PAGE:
Un­der the RERA regime, prelaunches have come to a com­plete halt. In ad­di­tion, de­vel­op­ers have to manda­to­rily park 70% of the funds re­ceived from buy­ers into any par­tic­u­lar project in a sep­a­rate es­crow ac­count, to be used only for con­struc­tion ex­penses in­volv­ing that par­tic­u­lar project. The erad­i­ca­tion of the en­tire mech­a­nism of‘ rolling’ funds has ut­terly shaken up the hith­erto ex­ist­ing sta­tus quo on­the In­dian real es­tate mar­ket.

Si­mul­ta­ne­ously, the crack­down on black money has closed all il­le­gal means of rais­ing funds, even as PE play­ers in­ter­ested in In­dian hous­ing plays are now do­ing ex­tremely scrupu­lous due dili­gence and in­vest­ing only in ‘clean’ projects. It is a nigh-i mpos­si­ble mar­ket en­vi­ron­ment for the un­der-equipped player to raise fresh funds.

Smaller de­vel­op­ers, es­pe­cially tier II andtier III de­vel­op­ers, will face the brunt of th­ese norms, re­sult­ing in a liq­uid­ity cri­sis which will ne­ces­si­tate their exit from the busi­ness.


In the pre-RERA regime, there was no par­tic­u­lar law to en­sure that the de­vel­op­ers com­plete projects as per com­mit­ments. They had more than suf­fi­cient scope for end­lessly de­fer­ring com­ple­tion by stat­ing rea­sons such as ap­proval de­lays, change in norms, etc. In re­al­ity, cap­i­tal col­lected from their cus­tomers was ‘rolled’ to pur­chase new land or con­struct other projects.

As a re­sult of such du­bi­ous pro­cesses and false prom­ises, many home­buy­ers were duped and as per es­ti­mates, there are around 57,000 units in 170 stalled projects across the top 7 cities of In­dia.

With the ex­cep­tion­ally strict com­pli­ance norms un­der RE RA, the task of com­plet­ing their stalled projects is go­ing to be ex­cep­tion­ally daunt­ing for many tier II andtier III de­vel­op­ers who have very lit­tle in­her­ent fi­nan­cial mus­cle. Th­ese projects will in­evitably be sold on an‘ as-is’ ba­sis to large de­vel­op­ers and/or con­verted into other as­sets such as plot­ted de­vel­op­ments. In any case, large-scale con­sol­i­da­tion of as­sets is on the cards.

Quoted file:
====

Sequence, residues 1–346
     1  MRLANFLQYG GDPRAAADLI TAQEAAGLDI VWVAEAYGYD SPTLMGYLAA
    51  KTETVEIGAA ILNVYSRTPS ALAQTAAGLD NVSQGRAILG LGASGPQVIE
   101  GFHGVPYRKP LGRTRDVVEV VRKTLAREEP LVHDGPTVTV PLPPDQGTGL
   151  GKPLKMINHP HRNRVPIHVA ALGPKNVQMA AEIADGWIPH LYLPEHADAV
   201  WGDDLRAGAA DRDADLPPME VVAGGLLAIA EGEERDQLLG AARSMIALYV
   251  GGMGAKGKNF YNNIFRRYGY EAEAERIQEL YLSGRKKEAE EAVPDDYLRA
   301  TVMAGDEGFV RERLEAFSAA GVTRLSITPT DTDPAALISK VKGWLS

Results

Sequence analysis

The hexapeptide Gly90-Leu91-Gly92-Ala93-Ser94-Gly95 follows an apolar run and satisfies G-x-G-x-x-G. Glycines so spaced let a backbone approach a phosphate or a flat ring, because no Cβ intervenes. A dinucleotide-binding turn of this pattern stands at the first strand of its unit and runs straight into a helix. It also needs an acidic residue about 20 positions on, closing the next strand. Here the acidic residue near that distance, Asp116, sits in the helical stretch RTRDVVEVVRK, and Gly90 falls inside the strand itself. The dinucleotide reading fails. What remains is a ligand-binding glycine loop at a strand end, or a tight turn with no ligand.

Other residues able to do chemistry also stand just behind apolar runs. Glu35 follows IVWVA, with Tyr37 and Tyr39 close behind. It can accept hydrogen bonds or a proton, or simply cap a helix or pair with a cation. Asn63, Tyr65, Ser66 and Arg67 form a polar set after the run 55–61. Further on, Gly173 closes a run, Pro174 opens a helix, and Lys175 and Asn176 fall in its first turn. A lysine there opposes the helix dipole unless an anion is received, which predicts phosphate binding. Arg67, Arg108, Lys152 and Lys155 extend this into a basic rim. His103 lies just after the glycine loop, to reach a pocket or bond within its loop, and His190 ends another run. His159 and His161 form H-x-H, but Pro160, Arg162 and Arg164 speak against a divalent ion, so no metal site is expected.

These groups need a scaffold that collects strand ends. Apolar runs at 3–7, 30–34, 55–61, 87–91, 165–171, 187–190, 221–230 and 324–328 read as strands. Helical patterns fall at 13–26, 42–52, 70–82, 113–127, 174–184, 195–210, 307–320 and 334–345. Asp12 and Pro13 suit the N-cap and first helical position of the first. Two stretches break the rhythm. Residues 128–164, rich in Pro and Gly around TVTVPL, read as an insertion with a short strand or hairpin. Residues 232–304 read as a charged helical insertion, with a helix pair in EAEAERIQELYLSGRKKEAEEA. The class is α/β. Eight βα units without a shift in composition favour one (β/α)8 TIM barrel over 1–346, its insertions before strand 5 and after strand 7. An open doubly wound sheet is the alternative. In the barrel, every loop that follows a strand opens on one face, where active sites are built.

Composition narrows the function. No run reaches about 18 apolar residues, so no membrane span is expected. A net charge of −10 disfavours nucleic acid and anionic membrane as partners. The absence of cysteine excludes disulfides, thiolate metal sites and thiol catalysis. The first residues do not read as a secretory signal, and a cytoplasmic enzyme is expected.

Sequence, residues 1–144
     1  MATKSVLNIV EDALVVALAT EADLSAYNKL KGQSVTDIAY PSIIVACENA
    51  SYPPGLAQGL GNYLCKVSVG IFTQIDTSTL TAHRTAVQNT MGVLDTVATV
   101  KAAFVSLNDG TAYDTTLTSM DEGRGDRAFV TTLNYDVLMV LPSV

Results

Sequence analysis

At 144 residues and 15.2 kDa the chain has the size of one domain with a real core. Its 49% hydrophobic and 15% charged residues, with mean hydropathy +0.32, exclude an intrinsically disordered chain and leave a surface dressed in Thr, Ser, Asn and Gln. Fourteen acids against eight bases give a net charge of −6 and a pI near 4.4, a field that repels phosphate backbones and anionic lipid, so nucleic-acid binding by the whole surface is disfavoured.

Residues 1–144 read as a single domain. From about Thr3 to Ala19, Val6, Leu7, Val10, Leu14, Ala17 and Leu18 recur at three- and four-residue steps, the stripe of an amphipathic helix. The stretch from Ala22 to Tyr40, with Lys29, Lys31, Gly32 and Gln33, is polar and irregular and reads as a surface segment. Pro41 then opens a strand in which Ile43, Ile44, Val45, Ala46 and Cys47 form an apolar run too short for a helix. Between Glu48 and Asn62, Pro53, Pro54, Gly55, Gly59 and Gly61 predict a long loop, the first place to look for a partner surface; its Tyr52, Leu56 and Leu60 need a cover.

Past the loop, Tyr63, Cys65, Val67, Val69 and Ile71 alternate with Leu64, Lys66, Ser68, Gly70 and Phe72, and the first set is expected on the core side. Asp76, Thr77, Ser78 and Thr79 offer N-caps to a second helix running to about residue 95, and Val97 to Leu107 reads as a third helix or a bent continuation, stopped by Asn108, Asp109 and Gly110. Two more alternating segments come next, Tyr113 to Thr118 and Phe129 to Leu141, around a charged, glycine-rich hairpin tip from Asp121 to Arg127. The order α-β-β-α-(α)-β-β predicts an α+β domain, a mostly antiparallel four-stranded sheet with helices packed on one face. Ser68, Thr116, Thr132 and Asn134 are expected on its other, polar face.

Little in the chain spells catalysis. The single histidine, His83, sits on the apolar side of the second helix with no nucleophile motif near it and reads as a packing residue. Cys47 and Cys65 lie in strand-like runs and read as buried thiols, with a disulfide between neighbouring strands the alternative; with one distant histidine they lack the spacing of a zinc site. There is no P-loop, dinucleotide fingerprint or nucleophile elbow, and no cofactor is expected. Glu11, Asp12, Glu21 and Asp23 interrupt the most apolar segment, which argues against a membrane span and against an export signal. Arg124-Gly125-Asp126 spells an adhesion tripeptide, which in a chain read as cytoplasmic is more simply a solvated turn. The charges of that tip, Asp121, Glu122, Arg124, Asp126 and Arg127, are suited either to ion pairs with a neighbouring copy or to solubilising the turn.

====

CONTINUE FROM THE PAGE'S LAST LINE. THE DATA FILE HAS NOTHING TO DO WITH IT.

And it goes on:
With sub­dued real es­tate de­mand for the past few years, many de­vel­op­ers have lever­aged their bal­ance sheets to an ex­tent that has made it im­pos­si­ble for them to man­age their debt re­pay­ment sched­ules. With some de­vel­op­ers al­ready declar­ing bankruptcy, banks and FIs are also keep­ing a close watch on the re­pay­ments and are com­pletely un­will­ing to take any ad­ven­tur­ous risks. With mas­sive pres­sure to re­pay their ex­ist­ing debt, many tier I I and tier III de­vel­op­ers are likely to de­clare bankruptcy in the near fu­ture - again, push­ing the cause of large-scale con­sol­i­da­tion.

Mas­sive con­sol­i­da­tion, tan­ta­mount to a one-time clean-up be­fore the sec­tor em­barks on a journey of health­ier growth, is very much on the agenda over the next cou­ple of years.


RERA and GST ne­ces­si­tate a rad­i­cal change in the meth­ods of do­ing real es­tate busi­ness